Imagine how you would feel if you didn’t brush your teeth, your pets feel the same way…they have teeth too! Oral neglect can lead to other serious medical conditions, such as liver, heart and kidney disease. We recommend regular check-ups for good oral hygiene, professional cleaning and brushing to keep your pet’s pearly whites bright and shiny. We are proud to offer 10% off dental cleanings in February! This includes pre-anesthesia blood work. Schedule your pets February dental appointment today!
It is estimated that 80 percent of people brush their teeth every day, but far fewer pet owners do the same for their pets. Pet Dental Health Month, celebrated every February, teaches pet owners proper dental hygiene is equally as important for their pets.
“Most people have no idea that dental health is so important to their pets, and that’s why Pet Dental Health Month is such a great idea,” explains Dr. Larry Corry, president of the American Veterinary Medical Association (AVMA). “In fact, veterinarians report that periodontal disease is the most commonly diagnosed problem in dogs and cats. This can lead to painful infections of the mouth, and in severe cases these infections can spread and become life-threatening conditions. During Pet Dental Health Month, the AVMA is encouraging all dog and cat owners to regularly brush their pet’s teeth and regularly see their veterinarian for checkups.”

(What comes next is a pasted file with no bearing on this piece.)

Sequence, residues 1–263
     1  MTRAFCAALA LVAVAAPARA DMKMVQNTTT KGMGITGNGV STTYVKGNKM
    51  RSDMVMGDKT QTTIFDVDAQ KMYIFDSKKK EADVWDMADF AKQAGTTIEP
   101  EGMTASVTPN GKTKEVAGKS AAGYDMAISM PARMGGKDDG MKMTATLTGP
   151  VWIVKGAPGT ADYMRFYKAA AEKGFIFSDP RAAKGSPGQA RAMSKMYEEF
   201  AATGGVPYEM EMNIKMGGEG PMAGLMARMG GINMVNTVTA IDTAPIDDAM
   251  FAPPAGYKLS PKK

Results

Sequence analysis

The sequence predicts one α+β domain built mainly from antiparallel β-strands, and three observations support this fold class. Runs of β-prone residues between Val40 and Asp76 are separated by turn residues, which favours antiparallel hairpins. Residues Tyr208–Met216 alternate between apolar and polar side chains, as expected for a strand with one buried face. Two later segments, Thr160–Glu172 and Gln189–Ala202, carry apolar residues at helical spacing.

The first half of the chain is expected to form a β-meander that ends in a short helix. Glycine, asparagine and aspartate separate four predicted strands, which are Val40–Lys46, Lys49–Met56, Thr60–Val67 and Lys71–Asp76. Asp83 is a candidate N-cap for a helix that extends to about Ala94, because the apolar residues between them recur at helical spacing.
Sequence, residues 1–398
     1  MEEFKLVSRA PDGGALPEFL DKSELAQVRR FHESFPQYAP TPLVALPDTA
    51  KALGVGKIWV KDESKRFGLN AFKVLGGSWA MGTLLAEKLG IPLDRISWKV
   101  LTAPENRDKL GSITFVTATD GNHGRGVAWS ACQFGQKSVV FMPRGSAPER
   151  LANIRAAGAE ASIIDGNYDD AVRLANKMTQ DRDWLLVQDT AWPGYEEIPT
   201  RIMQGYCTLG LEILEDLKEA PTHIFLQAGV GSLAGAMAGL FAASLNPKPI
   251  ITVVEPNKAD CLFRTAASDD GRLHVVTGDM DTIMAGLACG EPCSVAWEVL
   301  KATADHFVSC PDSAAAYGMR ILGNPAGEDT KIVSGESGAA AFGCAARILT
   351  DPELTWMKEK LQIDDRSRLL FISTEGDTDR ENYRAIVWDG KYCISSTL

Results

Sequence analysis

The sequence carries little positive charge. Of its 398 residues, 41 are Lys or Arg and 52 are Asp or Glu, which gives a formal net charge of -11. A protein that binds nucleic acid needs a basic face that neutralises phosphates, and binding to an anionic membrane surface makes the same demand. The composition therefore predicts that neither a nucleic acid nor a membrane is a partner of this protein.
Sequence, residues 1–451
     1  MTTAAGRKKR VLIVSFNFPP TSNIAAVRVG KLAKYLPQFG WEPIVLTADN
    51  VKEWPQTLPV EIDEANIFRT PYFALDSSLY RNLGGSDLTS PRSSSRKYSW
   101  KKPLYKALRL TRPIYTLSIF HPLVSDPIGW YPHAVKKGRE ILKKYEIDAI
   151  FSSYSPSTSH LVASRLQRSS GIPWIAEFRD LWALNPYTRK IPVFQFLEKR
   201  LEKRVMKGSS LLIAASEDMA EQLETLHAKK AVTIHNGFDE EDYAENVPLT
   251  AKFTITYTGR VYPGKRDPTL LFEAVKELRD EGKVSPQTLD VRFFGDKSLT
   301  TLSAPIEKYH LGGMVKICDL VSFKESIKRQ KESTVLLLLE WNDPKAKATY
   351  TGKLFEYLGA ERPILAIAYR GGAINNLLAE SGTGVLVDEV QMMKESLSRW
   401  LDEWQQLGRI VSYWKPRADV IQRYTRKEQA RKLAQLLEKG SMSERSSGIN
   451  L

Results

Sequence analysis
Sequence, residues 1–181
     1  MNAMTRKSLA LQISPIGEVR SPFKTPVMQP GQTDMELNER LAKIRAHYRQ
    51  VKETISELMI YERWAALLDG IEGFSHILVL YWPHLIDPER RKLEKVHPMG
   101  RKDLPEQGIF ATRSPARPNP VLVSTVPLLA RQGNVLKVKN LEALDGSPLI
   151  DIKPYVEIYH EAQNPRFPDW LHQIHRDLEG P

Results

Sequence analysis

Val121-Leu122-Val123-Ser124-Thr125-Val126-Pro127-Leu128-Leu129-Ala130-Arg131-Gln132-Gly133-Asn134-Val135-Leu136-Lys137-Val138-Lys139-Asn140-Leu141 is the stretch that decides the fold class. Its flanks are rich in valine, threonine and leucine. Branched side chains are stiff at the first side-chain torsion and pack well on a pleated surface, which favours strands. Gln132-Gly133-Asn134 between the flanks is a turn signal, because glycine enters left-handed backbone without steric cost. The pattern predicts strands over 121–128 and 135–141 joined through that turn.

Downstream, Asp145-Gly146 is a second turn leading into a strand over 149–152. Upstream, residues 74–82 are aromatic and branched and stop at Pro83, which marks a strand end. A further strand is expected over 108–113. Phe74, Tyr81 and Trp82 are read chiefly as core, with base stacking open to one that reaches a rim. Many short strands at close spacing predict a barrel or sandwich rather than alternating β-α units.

The AVMA, a sponsor of Pet Dental Health Month, offers an informative video giving step-by-step instructions on how to brush your pet’s teeth. The Pet Dental Month Web site,www.petdental.com, includes tips from a veterinary expert on pet dental health, Dr. Brook Niemiec.
“Periodontal disease, an infection of the gums, is incredibly common in pets, and it can be quite serious,” explains Dr. Niemiec, a board certified veterinary dental specialist. “It’s estimated that by the age of two, 80 percent of dogs and 70 percent of cats have some form of periodontal disease. Periodontal infections have been linked to diabetes, heart attacks, strokes, kidney disease and other life threatening disorders. The best way to prevent periodontal disease is by regularly brushing your pet’s teeth and by regularly visiting your veterinarian.”
For more information, please visit www.avma.org.